KEPT focuses on love and grace. It delves into what “love” can and should mean on so many levels—the love between a man and woman, God’s love, the love shared between friends, and what should exist within families. The kindness that Tracy offers Miska, and the sweet friendship that develops between the two women, will stick with me for a long time.

If readers are more drawn to novels that include subtle spiritual messages woven into the story lines, they might be put off by the overt Christian message and discussions about Bible stories and verses in this book. Others will welcome it with open arms and embrace it.

Sally Bradley writes big-city fiction with real issues and real hope.

A Chicagoan since age five, Sally has been fascinated by all things Chicago (except for the crime, politics, and traffic) for almost as long. She now lives in the Kansas City area with her family, but they get back to Chicago from time to time for important things, like good pizza and a White Sox game.

Review of The Yuletide Angel by Sandra Ardoin

About the book . . .

It’s soon Christmas, and people of Meadowmead are unaware that their Yuletide Angel is Violet Madison. No one that is, until her neighbor, Hugh Barnes, happens to see her slip out into the evening to secretly leave packages for the needy. Without telling Violet, he keeps watch over the quiet, young woman who draws him in by her kindness.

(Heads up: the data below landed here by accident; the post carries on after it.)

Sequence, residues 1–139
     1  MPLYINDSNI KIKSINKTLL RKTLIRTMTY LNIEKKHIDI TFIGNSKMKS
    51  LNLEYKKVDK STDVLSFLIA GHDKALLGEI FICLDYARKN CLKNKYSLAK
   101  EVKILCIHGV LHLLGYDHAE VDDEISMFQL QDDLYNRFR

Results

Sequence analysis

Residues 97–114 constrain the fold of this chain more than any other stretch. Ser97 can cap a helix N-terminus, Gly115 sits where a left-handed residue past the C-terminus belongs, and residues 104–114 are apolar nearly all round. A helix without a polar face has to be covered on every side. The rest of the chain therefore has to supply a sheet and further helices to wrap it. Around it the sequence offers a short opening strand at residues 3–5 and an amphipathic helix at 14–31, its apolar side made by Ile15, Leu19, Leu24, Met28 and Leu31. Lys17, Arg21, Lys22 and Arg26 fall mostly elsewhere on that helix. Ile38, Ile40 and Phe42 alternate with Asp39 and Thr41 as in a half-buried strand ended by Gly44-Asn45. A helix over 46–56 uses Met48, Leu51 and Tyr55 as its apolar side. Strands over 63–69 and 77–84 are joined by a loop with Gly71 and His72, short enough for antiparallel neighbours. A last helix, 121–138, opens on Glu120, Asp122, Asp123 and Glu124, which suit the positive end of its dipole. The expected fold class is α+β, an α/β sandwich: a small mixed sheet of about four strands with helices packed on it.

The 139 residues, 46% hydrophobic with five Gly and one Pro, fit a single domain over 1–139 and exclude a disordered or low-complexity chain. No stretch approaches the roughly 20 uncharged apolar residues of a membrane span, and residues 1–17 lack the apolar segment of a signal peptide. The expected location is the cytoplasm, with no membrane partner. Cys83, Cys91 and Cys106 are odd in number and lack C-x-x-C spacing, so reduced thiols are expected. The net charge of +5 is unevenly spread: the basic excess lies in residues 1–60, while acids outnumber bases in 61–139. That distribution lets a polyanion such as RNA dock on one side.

Violet is attracted to the handsome grocer, but believes the confirmed bachelor would never be interested in her. Besides, now that her brother is marrying, Violet feels she must find a way to make a support herself. Only, it’s the 1890s, and it’s not common for women to run their own businesses. Violet’s predicament forces her to turn to Hugh for help. But with Christmas fast approaching, Violet and Hugh are faced with challenges that will either bring them closer together or tear them apart.

My review …

The Yuletide Angle is a sweet romance. Hugh and Violet seem to be a perfect match. Violet is a strong, independent woman—someone to emulate.  Hugh is a handsome, successful, and humble man. While he could court any single woman in town, he chooses Violet —not only because he finds her beautiful, but because he sees and appreciates the kind of person she is inside.

Readers will be able to relate to these characters and the internal and external struggles they experience. Most of us want to be generous people, but how often do we examine our motives? Most of us desire to find purpose in our lives, but where do we find it? Just as Violet experiences a few road blocks in business, women today still battle assumptions because of their gender. The author did a wonderful job of weaving these situations into the story and leaving us with a satisfying ending.

If you’re looking for a story that will put you in the Christmas spirit, I highly recommend The Yuletide Angel.

A fan of old westerns growing up, it’s only natural that Sandra Ardoin sets her stories in the days of the horse and buggy. Her Christmas novella The Yuletide Angel is no exception. She is multi-published in short fiction and the author of "Get A Clue," a short story in Family Ties: Thirteen Short Stories. Sandy is the married mother of a young adult and lives in North Carolina.

 photo copyright.jpg
blogger template by envye